Fluency: Given text and passages using controlled text at his/her independent reading level, XXX will be able to read 3-4 words together at a rate of 90 wpm based on charts, running records and teacher notes.
Fluency: When given text or reading passage at his/her independent reading level, XXX will use knowledge of decoding skills and word recognition to increase his/her fluency reading orally with appropriate rate, and expression at 90 words per minute with 90% accuracy.
Encoding (Spelling): Given dictation for spelling and grammar, XXX will correctly spell 75 percent of the words at his/her current instructional level based on student samples and teacher record.
Comprehension: Given sentences, paragraphs and reading passages at his/her instructional reading level (controlled-text), XXX will be able to independently use visualization and retell the facts/events with 90 percent accuracy based on teacher notes and benchmark assessments.
Comprehension: XXX will use learned reading strategies of summarizing, questioning, inferencing, making connections and predicting to answer right there and higher order thinking questions from text at his/her instructional level in 4 out of 5 opportunities with up to 2 cues.
Vocabulary: XXX will utilize decoding and context clue strategies to understand unfamiliar words when reading (orally and/or silently) content area texts with decreasing adult assistance in 4 out of 5 observations with 80 percent accuracy.
By: Miss Rae
Learn more by taking a course with me...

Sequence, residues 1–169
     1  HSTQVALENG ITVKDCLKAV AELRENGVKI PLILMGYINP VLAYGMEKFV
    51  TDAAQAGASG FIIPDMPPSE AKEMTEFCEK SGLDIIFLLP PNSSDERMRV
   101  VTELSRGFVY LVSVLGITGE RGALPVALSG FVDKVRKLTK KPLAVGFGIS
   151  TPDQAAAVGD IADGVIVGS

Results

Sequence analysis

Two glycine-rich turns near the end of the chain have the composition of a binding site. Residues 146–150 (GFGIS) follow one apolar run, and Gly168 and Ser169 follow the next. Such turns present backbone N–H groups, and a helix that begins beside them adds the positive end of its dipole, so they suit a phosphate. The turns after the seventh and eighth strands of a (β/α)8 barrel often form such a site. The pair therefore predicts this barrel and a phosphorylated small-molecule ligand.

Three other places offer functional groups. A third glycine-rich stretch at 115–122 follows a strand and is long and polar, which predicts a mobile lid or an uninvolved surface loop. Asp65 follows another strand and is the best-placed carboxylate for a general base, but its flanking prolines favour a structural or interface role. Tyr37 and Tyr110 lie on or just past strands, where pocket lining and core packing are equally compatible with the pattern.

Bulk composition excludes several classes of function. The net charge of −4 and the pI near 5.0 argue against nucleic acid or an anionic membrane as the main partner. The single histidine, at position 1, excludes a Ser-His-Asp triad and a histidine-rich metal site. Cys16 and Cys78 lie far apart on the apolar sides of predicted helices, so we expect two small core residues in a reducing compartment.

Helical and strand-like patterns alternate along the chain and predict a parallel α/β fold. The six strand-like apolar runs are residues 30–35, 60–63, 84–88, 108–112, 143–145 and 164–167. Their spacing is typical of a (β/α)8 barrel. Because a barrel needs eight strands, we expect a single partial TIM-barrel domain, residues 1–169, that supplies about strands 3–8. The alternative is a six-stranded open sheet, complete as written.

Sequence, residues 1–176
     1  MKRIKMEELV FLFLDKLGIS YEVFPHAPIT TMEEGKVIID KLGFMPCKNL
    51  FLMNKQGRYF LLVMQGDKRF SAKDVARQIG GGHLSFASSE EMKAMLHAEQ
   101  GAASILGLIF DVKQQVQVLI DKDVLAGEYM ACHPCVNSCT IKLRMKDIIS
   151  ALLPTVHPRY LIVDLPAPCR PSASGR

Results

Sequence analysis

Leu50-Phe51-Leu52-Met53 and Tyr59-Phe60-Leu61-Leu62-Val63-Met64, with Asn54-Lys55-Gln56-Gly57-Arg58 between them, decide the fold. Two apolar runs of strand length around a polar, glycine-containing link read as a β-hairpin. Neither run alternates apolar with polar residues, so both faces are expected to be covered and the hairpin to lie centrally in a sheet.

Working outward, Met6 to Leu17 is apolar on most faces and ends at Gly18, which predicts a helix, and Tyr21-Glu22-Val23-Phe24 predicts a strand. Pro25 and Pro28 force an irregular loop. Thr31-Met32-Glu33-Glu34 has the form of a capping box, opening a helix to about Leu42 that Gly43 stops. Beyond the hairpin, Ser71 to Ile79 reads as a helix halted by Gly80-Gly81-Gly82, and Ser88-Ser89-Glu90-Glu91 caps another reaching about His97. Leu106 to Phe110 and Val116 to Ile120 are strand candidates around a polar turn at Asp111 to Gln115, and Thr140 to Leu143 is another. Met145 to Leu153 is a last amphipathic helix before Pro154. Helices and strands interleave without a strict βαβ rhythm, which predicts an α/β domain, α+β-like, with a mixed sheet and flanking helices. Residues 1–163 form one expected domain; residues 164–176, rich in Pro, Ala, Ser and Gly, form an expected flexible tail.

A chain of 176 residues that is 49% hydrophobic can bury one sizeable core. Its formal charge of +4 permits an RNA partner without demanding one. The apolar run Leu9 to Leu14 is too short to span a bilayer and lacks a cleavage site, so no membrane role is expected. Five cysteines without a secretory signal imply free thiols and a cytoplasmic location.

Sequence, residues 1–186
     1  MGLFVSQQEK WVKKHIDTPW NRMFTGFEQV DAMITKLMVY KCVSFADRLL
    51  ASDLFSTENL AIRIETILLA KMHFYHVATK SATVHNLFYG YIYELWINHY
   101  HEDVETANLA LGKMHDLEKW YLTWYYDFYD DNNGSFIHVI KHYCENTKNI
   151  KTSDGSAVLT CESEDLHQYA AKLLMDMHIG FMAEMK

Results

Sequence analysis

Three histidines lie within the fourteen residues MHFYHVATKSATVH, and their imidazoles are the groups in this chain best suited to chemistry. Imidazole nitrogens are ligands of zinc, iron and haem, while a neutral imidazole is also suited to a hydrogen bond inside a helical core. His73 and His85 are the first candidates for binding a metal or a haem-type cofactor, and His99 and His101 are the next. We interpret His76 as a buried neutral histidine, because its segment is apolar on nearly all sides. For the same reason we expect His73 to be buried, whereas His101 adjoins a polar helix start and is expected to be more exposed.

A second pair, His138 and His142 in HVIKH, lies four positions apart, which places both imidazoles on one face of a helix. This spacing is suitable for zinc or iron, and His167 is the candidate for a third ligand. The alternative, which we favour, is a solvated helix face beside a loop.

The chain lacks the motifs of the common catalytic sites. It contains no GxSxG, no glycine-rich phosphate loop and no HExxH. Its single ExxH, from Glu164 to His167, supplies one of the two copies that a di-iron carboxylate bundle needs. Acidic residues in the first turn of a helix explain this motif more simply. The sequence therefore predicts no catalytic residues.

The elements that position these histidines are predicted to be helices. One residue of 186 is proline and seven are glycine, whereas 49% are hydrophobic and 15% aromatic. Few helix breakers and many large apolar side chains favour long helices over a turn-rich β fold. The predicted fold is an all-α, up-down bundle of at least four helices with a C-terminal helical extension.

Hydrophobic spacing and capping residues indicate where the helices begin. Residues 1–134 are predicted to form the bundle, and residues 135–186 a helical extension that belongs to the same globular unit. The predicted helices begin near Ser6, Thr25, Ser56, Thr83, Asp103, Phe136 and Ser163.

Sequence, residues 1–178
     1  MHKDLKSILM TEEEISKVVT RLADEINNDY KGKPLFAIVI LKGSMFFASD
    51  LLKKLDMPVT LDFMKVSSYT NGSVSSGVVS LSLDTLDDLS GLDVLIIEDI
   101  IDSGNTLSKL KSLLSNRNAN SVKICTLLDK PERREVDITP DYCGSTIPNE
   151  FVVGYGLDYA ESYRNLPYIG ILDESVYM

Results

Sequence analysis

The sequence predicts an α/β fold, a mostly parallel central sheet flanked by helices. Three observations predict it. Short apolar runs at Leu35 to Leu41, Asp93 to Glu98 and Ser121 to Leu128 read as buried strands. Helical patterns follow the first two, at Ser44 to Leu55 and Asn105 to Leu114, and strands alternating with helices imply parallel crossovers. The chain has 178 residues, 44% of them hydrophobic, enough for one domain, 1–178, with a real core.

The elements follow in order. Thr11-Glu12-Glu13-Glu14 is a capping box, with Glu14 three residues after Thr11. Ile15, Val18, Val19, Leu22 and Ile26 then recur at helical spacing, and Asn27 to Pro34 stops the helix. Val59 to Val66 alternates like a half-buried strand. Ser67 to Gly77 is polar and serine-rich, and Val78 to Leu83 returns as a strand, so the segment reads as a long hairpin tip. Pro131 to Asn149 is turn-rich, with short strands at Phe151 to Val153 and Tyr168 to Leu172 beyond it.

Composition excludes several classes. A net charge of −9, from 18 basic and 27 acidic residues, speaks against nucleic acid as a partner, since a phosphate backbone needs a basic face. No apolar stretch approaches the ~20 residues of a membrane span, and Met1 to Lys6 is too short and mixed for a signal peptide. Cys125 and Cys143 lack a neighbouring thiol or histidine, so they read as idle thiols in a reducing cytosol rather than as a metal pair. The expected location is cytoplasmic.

And grab this FREEBIE!
700,000 English-Language Learners are identified with a learning disability, representing 14.7 percent of the total ELL population enrolled in U.S. public elementary and secondary schools in 2015. This needs to be addressed!
I don't know about you, but this is the big question across my state.
FIRST - let's take a moment to have some real talk - ALL English language learners need to be given time - time to learn the language.
Understanding the typical trajectory of second language acquisition is important for so many reasons. An understanding of learning the language is important so that we do not mis-identify our EL population as learning disabled.
We always start with dominance testing to establish a student’s dominant language for evaluations. Dominance testing establishes a student's level of proficiency in both languages (native and English).
This is because we should ALWAYS test in a student's dominant language.
Unlike their native English speaking peers, English Language students have to process the language of tests. They are also expected to comprehend cultural expectations embedded within standardized assessments.
What does this mean for educators?
Well, it means that for ELs, every evaluation, not given in their dominant language, becomes a test, to some degree, of language proficiency, rather than an evaluation of intellectual capacity and/or academic ability.
Hence why we test in a student’s dominant language.
If an EL student tested in their native language (because this was determined to be his/her dominant language) has a learning disability as indicated by the discrepancy model of standardized score comparisons, then, the student has a learning disability.
A learning disability in the native language is a learning disability.
But what happens when a student’s dominant language is English? How do we know this is a learning disability and not just the typical path of a second language learner?
Well, we use our knowledge of the typical trajectory of second language acquisition during the evaluatory stage too!